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Why N800 daily levy on transporters is generating ripples in Lagos

The newly imposed levy of N800 daily on all transporters in the state would have been a welcome initiative in an organised transportation setting, but…

The newly imposed levy of N800 daily on all transporters in the state would have been a welcome initiative in an organised transportation setting, but for the chaotic and complex nature of the Lagos transport ecosystem where the agbero (touts) reign supreme, the case is different.

This is the fear of the popular danfo (minibus) drivers which the system actually targets. They said while the government’s intention was to harmonise the levy and charges they paid on a daily basis, the proposal did not factor the “settlement” for agbero at each of the parks in the state.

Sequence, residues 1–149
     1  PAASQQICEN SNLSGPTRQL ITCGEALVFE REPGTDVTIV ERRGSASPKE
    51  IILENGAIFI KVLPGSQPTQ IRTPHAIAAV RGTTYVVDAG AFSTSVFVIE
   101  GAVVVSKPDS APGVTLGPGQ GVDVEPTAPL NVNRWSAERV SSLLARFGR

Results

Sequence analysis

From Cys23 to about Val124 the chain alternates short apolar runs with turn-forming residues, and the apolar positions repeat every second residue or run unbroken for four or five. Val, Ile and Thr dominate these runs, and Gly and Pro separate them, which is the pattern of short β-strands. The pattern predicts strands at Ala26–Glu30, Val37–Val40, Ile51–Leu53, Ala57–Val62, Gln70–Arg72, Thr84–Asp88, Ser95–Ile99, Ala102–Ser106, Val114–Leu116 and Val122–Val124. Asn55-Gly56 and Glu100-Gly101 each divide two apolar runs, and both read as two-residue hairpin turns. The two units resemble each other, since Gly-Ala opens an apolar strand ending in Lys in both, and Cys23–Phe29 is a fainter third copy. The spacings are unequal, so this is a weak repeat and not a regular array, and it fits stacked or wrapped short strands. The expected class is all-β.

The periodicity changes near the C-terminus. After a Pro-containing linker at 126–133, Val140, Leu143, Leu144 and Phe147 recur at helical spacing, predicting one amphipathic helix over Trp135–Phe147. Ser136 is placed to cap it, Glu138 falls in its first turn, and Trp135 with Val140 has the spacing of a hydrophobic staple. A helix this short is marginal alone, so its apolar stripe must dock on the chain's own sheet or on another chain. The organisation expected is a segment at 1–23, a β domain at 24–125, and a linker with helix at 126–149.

The Lagos Transportation System is fraught with a lot of confusion and uncertainties. In the absence of an enduring transportation master plan and a mass transit system, the danfo has become the face of the state, dotting the nooks and crannies of the centre of excellence.

But for the big boys, the agbero of this world, the commercial buses are their source of income even though they are neither drivers nor bus conductors

On a daily basis, bus drivers and conductors are always at loggerheads with the agbero at every bus stop. As they pick passengers, even if it is one passenger, the driver must compulsorily pay the agbero who rake in millions of naira on a daily basis.

But with the new policy announced by the government during a recent stakeholders’ meeting, there are fears that the proposed levy would be an additional burden on the drivers.

The state government and the transport stakeholders last month signed the agreement for the collection of “Consolidated Informal Sector Transport Levy”, which according to the government, is designed to harmonise dues collected by government from commercial motorists at parks and garages across the state.

The agreement was signed between the state government on one side and local governments and various transport unions on the other.